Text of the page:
M A R K   R O L L E R

Mark Roller

Statement

In the late 1980s I began a project which quickly became the sole focus of my work: what I call a “serial portrait” of a single person, Colette Crutcher, my wife. Starting with a desire to document the physical and psychological changes she underwent while pregnant with our first child I became fascinated with the possibilities inherent in an ongoing depiction of an individual through time; time being the dimension missing from a conventional portrait. Doing a series of works, over a long period, has allowed me to attempt to represent Colette, in many different aspects, as a whole person. Of course, this attempt will always remain just that, an attempt, the goal elusive, the results provisional.

 

Rather than dealing in the objective facts of Colette’s biography, I want, instead, to convey, as completely as I can, my understanding of her subjective experience, through the medium of her body, the outward manifestation of her inward self. Poses and gestures, and indeed all of the other elements in a sculpture or painting, are meant to express a state of mind or emotion, especially those states which recur and are therefore most characteristic of Colette.

 

I hope that my work, with its admittedly peculiar single-mindedness, impinges on other issues as well, most especially the problematical history of male representations of women. The privileging of the “male gaze” and the objectification of women in Western image making seems, to me, to be the consequence of a process of generalization in which representations of women are rendered as stereo- (or arche-) types. By being as specific as I possibly can be, I want to counteract this pernicious generalizing impulse, so that the result is not one more depiction of “Woman”, or even a statement concerning “women” as a class. I make no claim to any knowledge of “women.” and doubt that such “knowledge” can be anything more than a chimera of prejudicial thinking Rather, my ambition is to confront the viewer with an evocation of an individual, one I know very well, who happens to be a woman (as I happen to be a man). In certain pieces, Colette’s gender is thematically important, even central; in other pieces, it’s not significant at all. Can the male desire to make images of women, which seems so deeply rooted (in our culture, at least), be redeemed in this fashion? I don’t know, but it seems worth trying.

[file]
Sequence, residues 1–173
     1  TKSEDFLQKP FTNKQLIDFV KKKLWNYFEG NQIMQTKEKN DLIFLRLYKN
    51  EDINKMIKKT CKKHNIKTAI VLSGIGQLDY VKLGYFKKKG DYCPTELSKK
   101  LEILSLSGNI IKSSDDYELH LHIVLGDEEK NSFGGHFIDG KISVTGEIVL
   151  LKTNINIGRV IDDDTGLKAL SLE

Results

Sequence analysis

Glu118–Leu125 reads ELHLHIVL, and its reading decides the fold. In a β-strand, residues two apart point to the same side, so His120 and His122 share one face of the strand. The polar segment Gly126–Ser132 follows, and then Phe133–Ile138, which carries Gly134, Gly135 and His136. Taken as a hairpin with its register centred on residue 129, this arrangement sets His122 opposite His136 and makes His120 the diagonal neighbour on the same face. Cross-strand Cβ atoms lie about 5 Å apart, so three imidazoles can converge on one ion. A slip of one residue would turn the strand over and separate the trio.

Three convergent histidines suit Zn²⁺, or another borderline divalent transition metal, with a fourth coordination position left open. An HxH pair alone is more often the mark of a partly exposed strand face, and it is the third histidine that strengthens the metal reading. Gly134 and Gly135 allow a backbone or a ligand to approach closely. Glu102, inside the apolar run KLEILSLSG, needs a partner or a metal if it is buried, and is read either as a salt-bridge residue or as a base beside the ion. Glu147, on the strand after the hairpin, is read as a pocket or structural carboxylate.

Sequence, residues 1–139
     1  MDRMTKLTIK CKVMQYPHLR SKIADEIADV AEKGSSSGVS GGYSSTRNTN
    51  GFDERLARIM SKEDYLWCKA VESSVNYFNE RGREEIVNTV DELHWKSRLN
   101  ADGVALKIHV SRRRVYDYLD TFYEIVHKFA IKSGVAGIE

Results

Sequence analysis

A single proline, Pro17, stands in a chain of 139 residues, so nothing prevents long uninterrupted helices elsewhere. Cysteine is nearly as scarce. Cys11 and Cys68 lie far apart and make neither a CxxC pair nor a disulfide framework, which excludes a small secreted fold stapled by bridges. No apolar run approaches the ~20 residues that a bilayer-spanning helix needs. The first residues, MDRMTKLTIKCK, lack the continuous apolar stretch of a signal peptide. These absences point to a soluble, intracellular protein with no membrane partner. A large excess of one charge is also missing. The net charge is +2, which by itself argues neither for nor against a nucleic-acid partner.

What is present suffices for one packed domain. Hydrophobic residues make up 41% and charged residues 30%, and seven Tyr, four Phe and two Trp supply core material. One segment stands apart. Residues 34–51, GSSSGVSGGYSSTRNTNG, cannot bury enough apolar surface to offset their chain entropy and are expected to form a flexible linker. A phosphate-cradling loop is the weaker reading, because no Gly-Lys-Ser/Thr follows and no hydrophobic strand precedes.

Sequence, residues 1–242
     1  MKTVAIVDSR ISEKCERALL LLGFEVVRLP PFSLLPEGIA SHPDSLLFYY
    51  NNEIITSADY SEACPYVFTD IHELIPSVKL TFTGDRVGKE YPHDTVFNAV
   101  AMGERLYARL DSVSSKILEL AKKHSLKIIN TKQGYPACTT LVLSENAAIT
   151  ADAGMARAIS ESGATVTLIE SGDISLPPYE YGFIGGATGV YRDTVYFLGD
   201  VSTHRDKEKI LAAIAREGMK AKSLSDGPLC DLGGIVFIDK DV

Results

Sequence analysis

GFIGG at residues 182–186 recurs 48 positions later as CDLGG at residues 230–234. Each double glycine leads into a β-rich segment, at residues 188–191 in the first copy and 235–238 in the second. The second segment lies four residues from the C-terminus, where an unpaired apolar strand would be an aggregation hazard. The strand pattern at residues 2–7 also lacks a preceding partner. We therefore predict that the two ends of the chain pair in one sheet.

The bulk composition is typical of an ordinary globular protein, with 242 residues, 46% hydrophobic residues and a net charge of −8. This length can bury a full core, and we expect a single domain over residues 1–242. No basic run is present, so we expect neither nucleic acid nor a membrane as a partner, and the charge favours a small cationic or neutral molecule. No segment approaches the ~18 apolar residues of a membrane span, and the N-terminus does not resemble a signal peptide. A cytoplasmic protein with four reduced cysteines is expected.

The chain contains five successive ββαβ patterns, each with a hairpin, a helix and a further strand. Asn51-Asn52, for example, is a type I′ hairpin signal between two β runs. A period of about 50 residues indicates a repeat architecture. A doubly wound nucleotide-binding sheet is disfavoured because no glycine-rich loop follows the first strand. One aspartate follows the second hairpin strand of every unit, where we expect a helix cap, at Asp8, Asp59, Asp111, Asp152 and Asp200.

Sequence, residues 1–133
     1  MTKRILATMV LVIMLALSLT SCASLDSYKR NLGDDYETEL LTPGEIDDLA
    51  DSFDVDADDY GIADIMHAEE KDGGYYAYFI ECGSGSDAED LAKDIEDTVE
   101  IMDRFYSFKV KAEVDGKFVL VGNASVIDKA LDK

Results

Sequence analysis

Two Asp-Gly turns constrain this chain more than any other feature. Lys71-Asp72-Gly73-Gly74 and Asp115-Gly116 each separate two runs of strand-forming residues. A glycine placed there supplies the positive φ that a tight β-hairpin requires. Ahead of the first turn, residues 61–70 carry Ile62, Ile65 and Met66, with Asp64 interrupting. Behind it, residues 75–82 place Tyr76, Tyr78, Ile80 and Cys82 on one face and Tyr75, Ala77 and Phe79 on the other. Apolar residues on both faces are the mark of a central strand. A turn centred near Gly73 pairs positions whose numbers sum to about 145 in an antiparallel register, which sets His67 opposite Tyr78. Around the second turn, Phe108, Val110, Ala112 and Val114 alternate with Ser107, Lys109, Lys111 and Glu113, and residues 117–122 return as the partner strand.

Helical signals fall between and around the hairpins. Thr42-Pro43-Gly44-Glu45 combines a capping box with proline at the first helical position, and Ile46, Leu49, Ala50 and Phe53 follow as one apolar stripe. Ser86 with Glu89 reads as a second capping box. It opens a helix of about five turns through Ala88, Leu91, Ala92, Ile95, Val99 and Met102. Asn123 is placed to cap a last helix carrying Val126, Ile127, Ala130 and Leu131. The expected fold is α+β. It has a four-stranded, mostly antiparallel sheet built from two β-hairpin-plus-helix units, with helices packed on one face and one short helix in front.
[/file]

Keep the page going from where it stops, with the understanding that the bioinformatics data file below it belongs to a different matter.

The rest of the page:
I’ve recently come to see that one of the themes running through this work is creativity, or perhaps more precisely, creation itself. Colette is doubly a creator, both as a woman, hence pregnancy and birth as recurrent subjects, and as an artist, hence the many pieces dealing with her studio and her life, frustrating, daunting and joyful by turns, within it.

 

Another element of my work which has only gradually infiltrated my slow-witted mind is how much of myself leaks into the work, no matter how much I want it to be about Colette—paradoxically my portrait becomes an inadvertent self-portrait as well. Although I find this troublesome, I accept it as unavoidable. Incidentally, people sometimes assume the work is a self-portrait by Colette herself, but I have no interest in encouraging that mistake, nifty though it might be as a post-modern stratagem. The work is most definitely a portrait—done by an observer looking at his subject from the outside, getting things wrong and filling in the blanks with his own subjective materials. (Colette saw the inevitability of this from the outset.)

 

Other “big ideas”, like questions concerning the limits of representation and our ability to truly know another human being, have occupied my mind intermittently over the years. But, the overwhelming reason I do what I do is ultimately deeply personal, and very simple: Colette is the most significant fact of my life. I can’t think of another subject that could engage me as fully.----Mark Roller

 

Technical note: Much of my work is most efficiently described as mixed media, because any given piece might include painting, relief, collage, photographs, real objects and be made of combinations of wood, plaster, acrylic gels and modeling pastes, and, in one instance, fiberglass. Some of the figures in the sculptural pieces are plaster body casts of Colette.